Bakhru: Your research in Nepal dates back to your undergraduate education. What inspired your interest in this region?

Faculty Research Grants in Action: Michele Tine

Extending beyond the walls of the Rockefeller Center, Dartmouth Professor Michele Tine of the Education Department has seen her research succeed as a beneficiary of a grant made possible by the Corrigan Family Gift.

Professor Tine uses her research to build a foundation for solving educational problems faced by children in communities of rural poverty. Shortly after joining the Dartmouth faculty, Professor Tine sought out a Junior Faculty Grant from the Rockefeller Center.

She notes that “The goals of the Rockefeller Center are very well aligned with my own work,” specifically in regards to the public policy implications of her findings. The exploratory nature of Tine’s research restricted it from funding through many traditional sources, but it was a perfect fit for the Rockefeller Center’s mission.

“It’s a fantastic funding mechanism for studies at Dartmouth that might not otherwise be funded,” Professor Tine emphasizes.

Faculty Research Grants in Action: Deborah Nichols

A Rockefeller Center grant proved to be a vital source of funding when Professor Nichols sought to explore an Aztec farming settlement northwest of Mexico City theorized to hold the secrets of how large-scale societies first formed and developed.

With questions as to the continued existence of the site with the growth of Mexico City in the fifty years since the last visit, only the accommodating nature of a Rockefeller Center grant provided the backing necessary to make a return visit to the site in 2013, results of which led to a larger grant from the National Science Foundation.

"These small grants can become the seed for initiating larger projects and being able to establish their feasibility," stressed Professor Nichols. Subsequent site visits, including a six week field study in summer 2014, have involved Dartmouth students in their research and further cemented the Rockefeller Center’s social science mission.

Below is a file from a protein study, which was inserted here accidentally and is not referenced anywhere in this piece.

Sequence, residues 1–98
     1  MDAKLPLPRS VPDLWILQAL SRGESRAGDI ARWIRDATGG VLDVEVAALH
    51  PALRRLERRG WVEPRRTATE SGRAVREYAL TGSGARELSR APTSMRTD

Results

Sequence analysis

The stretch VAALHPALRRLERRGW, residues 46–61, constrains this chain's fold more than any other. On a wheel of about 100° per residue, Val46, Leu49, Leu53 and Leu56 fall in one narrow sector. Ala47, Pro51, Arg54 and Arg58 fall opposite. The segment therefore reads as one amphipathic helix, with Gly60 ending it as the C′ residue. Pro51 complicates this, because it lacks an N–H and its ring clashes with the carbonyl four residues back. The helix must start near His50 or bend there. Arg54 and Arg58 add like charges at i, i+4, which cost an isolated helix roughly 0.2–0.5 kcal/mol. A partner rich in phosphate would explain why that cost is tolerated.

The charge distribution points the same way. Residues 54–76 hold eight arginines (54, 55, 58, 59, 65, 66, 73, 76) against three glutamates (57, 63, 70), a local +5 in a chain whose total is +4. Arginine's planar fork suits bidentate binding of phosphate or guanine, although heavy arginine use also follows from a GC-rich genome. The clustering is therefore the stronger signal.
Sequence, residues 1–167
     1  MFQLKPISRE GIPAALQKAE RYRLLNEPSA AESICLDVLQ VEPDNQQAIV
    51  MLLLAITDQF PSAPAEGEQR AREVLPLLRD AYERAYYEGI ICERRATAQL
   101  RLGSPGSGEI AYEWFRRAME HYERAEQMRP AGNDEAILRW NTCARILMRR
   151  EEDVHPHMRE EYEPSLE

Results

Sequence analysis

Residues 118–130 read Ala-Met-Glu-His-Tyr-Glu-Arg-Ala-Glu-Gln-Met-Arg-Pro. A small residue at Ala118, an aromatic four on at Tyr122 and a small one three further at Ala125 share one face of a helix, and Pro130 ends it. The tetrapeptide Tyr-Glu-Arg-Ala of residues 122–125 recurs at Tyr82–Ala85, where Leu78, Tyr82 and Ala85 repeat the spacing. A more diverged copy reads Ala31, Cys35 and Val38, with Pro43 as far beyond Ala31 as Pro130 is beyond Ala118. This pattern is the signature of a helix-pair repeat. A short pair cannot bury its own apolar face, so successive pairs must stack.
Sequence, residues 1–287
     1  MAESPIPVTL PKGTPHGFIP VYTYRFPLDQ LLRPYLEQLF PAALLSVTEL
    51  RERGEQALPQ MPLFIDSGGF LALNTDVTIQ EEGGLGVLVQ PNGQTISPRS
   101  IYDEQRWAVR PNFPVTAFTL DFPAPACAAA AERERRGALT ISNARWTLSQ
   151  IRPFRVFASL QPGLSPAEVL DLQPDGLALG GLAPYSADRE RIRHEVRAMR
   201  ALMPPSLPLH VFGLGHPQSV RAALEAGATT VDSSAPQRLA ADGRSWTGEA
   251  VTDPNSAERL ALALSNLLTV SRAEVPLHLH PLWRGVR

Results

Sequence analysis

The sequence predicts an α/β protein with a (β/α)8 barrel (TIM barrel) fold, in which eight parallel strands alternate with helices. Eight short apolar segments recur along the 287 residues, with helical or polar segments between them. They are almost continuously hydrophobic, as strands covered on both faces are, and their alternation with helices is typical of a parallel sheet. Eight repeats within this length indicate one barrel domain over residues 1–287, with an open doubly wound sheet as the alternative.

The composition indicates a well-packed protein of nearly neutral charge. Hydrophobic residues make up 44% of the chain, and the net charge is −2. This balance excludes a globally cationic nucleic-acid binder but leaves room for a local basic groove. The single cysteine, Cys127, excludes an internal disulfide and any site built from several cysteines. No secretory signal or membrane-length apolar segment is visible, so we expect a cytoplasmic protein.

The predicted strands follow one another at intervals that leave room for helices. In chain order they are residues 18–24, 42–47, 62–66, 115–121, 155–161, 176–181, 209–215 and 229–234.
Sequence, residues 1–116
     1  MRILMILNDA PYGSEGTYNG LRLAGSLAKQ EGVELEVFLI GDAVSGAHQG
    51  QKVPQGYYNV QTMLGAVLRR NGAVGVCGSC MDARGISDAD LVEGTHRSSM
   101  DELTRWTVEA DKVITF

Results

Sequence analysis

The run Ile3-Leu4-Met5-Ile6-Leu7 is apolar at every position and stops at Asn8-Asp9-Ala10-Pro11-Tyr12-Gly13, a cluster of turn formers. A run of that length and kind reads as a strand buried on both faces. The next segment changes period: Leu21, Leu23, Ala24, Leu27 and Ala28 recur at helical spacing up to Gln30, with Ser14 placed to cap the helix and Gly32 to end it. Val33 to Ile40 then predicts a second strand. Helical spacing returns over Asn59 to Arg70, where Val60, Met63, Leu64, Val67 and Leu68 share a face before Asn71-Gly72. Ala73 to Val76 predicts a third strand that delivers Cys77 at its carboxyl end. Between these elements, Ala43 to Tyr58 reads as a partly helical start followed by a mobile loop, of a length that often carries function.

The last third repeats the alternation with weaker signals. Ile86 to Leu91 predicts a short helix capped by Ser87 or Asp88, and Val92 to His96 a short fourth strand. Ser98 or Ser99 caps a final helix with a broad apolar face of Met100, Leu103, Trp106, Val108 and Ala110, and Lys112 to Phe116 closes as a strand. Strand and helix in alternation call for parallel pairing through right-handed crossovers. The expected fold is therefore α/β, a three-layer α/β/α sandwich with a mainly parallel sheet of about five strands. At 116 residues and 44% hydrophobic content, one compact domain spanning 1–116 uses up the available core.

-Written by Tyler Stoff '15, Rockefeller Center Student Program Assistant

Rockefeller Faculty Grants: New Deadline and Proposal Forms

The deadline for a 2014-2015 Rockefeller Center Faculty Grant is Tuesday, April 1, 2014. Please click here to visit our website for the new proposal announcement and proposal form. 

The Nelson A. Rockefeller Center supports an annual competitive research grant program open to tenured and tenure-track Dartmouth College faculty for research on public policy issues relevant to the Rockefeller Center (e.g., healthcare, education, the environment, poverty) as well as on other research topics in the social sciences. The Rockefeller Center Director, the Associate Dean for the Social Sciences, and the other members of the Rockefeller Center's Faculty Council review applications and select the most promising prospects for funding. Proposals for projects that reach beyond traditional faculty research endeavors will be entertained.

Professor Thalia Wheatley's Research in the News

The Rockefeller Center supported the research of Dartmouth Professor Thalia Wheatley in 2009, and several recent articles mention Prof. Wheatley and her related work.  You can find quotes of her social neuroscience research in:

Prof. Donna Coch Presents Research on "The Rhyming Brain in Beginning Readers"

Associate Professor and Chair of the Education Department at Dartmouth College, Donna Coch, presented her research "The Rhyming Brain in Beginning Readers" at a presentation to faculty on Monday, December 6, 2010.  Her research was funded by the Nelson A. Rockefeller Center.  Professor Coch's research lab studies how reading-related skills develop in young children and how the reading brain works in both children and adults.

The Nelson A. Rockefeller Center supports a competitive research grant program open to Dartmouth College faculty for research and academic conferences on issues in public policy and all topics in the social sciences. The Rockefeller Center Director, the Associate Dean for the Social Sciences, and the other members of the Rockefeller Center's Faculty Council review applications and select the most promising prospects for funding.